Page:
Friday, April 22, 2016

Canyon Lakes Ranger District Flood-Impacted Trails Update

Many trails across the Canyon Lakes Ranger District were impacted by the September 2013 Flood and a lot of great work by both staff and volunteers has taken place since then. Below is the status of these trails.

North Fork Trail: This trail is partially open to hikers and is anticipated to open more fully in June to hikers. Some additional work must be completed before the trail can be open to stock.

Crosier Mountain Trails: These trails are open but some additional work may take place this year or next to improve the temporary repairs made in 2014.

Hewlett Gulch Trail: Although this trail has been reopened to the public, early rains in 2015 did more damage. It remains open but some additional restoration work is needed.

Young Gulch Trail: One of the most heavily damaged trails by both the 2012 wildfire season and the flood, it remains fully closed. Analysis work for a rebuild has been completed and work will start taking place in 2016. Due to the extensive amount of work needed, it will not open this year.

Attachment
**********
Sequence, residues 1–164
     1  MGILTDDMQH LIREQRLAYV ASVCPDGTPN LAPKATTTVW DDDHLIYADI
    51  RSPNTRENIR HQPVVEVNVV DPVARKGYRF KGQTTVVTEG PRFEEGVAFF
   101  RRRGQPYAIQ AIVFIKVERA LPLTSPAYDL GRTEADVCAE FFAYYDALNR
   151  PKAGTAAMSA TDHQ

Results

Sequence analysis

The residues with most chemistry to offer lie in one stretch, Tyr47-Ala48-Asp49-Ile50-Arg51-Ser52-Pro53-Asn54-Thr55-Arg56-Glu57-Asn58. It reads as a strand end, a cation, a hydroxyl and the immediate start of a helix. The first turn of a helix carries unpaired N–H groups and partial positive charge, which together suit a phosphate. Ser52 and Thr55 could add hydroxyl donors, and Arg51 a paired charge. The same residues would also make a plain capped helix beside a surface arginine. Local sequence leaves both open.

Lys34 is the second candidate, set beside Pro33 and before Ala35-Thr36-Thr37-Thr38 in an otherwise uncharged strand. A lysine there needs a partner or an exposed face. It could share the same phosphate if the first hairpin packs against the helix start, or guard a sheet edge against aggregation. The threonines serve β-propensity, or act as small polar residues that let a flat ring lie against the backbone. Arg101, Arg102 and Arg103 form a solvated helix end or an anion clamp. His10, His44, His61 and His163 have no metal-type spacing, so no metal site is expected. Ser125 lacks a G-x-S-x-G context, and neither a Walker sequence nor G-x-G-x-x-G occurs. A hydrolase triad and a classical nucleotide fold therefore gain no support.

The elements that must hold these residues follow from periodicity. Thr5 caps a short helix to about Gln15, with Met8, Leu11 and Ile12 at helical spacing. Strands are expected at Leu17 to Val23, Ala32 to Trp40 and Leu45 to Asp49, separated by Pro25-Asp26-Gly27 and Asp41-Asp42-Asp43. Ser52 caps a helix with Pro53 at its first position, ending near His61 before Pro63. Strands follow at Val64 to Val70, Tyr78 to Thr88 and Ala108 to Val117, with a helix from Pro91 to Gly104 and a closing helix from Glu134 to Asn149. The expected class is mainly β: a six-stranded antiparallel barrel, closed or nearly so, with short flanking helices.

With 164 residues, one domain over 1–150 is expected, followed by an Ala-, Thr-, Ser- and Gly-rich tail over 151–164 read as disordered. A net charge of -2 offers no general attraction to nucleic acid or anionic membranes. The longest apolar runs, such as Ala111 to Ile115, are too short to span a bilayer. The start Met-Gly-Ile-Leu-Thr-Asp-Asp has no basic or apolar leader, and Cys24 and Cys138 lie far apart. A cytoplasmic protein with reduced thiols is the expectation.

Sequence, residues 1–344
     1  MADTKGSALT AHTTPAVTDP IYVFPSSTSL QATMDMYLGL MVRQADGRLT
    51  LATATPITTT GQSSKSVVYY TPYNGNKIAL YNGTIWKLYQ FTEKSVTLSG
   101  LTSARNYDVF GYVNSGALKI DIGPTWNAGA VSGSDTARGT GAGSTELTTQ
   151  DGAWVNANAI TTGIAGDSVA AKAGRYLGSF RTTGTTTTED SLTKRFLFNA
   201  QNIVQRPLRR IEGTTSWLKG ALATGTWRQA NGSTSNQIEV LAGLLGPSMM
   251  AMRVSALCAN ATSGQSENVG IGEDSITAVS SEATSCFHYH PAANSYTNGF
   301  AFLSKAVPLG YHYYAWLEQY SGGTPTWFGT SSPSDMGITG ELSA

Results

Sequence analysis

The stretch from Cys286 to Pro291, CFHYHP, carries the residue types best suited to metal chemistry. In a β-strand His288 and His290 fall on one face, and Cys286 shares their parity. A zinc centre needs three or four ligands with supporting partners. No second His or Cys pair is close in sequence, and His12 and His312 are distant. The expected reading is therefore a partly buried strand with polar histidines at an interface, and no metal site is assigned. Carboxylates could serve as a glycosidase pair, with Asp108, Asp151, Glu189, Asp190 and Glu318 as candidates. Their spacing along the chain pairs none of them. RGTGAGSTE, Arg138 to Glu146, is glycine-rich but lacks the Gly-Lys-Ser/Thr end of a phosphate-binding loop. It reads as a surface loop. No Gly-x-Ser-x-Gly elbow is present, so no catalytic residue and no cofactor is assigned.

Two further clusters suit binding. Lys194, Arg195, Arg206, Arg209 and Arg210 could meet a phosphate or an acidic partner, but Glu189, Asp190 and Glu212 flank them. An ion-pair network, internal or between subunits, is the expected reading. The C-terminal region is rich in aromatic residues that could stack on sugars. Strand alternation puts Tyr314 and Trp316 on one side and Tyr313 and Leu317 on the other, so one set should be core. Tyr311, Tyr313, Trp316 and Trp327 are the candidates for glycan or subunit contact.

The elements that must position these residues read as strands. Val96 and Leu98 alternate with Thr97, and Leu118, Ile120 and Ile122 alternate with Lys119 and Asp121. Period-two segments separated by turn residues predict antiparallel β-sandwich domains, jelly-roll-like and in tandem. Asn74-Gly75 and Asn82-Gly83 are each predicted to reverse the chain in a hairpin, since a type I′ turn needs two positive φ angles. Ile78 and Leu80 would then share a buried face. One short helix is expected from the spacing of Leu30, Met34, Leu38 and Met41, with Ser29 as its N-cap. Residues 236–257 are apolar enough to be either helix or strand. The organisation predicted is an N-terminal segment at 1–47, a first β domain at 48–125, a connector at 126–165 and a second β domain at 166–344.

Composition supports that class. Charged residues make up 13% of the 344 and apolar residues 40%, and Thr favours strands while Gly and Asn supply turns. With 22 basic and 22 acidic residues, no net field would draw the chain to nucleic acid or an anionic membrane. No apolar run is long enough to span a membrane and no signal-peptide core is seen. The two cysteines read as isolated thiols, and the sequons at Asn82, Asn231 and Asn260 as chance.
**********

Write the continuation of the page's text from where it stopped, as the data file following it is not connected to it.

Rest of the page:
Lion Gulch Trail: This trail was also heavily damaged and remains closed. Bridge work and trail restoration are both needed. The trailhead is also being used by the Colorado Department of Transportation during road repairs. It is anticipated to stay closed through 2016.

Homestead Meadows Trail: Portions of this trail were completely destroyed and is unstable. Analysis work for a new trail location will be needed before work can take place due to the extensive damage.

Over 600 hours of volunteer work took place on flood-damaged trails last season, in addition to work done by Forest Service trail crews. There will also be additional opportunities this season for the public to volunteer to make progress on the very popular Young Gulch Trail. Thanks to all the volunteers who have helped move us forward in getting trails restored and back open to the public.


Thursday, April 21, 2016

Video Hike to Ramsey Cascades